Skip to comments.Onward Muslim Soldiers
Posted on 01/05/2004 5:32:07 PM PST by freeforall
Onward Muslim Soldiers
An Essay-Review by Hugh Fitzgerald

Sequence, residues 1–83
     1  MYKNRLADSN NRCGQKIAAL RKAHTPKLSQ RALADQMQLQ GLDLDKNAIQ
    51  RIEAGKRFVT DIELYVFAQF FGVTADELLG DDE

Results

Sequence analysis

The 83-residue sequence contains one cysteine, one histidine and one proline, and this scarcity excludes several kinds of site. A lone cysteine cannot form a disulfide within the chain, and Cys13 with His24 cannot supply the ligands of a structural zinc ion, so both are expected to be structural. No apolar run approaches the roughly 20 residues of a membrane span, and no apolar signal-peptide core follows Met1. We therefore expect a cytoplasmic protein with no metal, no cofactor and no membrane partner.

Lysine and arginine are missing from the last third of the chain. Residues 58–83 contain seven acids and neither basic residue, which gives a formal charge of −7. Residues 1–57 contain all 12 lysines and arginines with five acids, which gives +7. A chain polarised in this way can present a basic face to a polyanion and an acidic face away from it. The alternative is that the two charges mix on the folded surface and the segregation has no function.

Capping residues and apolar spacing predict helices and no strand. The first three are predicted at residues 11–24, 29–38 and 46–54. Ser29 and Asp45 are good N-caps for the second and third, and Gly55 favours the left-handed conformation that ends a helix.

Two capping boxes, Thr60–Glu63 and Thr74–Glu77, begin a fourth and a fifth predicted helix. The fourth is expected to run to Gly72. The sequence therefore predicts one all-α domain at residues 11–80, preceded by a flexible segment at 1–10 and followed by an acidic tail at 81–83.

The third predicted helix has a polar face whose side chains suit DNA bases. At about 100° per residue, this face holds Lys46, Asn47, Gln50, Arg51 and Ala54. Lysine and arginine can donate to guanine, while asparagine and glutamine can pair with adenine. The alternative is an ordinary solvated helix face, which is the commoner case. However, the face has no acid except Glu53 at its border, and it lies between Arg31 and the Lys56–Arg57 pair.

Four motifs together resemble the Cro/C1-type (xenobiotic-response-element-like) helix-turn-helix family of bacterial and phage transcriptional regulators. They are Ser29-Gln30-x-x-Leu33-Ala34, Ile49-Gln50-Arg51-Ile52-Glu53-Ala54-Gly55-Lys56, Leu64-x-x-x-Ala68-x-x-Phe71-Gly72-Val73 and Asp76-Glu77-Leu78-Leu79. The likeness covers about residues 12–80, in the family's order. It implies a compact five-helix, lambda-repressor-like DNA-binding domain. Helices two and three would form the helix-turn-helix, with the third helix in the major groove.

Habent sua fata libelli, wrote the Roman. Books have their dates, and books have their fates. Onward Muslim Soldiers (Regnery Gateway), by Robert Spencer, was published in the spring of 2003, but by the very nature of its subject matter it does not date. And as to its fate? In a rightly ordered world, its fate would be clear: the book would be translated into all major languages; it would be on the shelves and, more importantly, in the minds, of all those whose duty it is to instruct us. For Onward Muslim Soldiers explains, clearly, scrupulously, meticulously, the central political tenets of Islam (not the tenets of "political Islam"), that make so many of its adherents such a threat to the entire non-Muslim world -- the world of Christians, Jews, Hindus, Buddhists, Sikhs, Confucians, agnostics, atheists and others. Though few non-Muslims seem to realize it, they face not a "war on terror" ("terror" is merely a tactic, and by no means the most effective one), but a world-wide Jihad, or war to extend, through many instruments, the dar al-Islam until all non-Muslims, ultimately, are subjugated to the rule of Islam. It sounds fantastic, but it is deeply rooted in an ideology that is not tangential but central to Islam. And all non-Muslims are the targets of this military, economic, propagandistic, and demographic campaign. Spencer links the latest pronouncements of Bin Laden, al-Zawahiri, Sheikh Rantisi of Hamas, and others not only to such 20th century writers as Hassan al-Banna, Qutb, Mawdudi, and Abdullah Azzam, but to the central texts of Islam: Qur'an and hadith (the sayings and acts of Muhammad). As the "gates of ijtihad (interpretation)" closed more than a millennium ago, these texts, and the tenets they give rise to, cannot be changed or interpreted away. "Moderate" Muslims (often thrusting young academics in the West) who suggest otherwise, are often wilfully misleading. The behavior of those "moderates" who deny central teachings of Islam, and who are not engaged in such wilful deception, may have other explanations -- ignorance, filial piety, or simply embarrassment. In fact, it is the so-called "extremists" who articulate what is mainstream and orthodox Islam, and who would have been so regarded by any Muslim writer of significance in the past, from al-Ghazzali to Ibn Khaldun.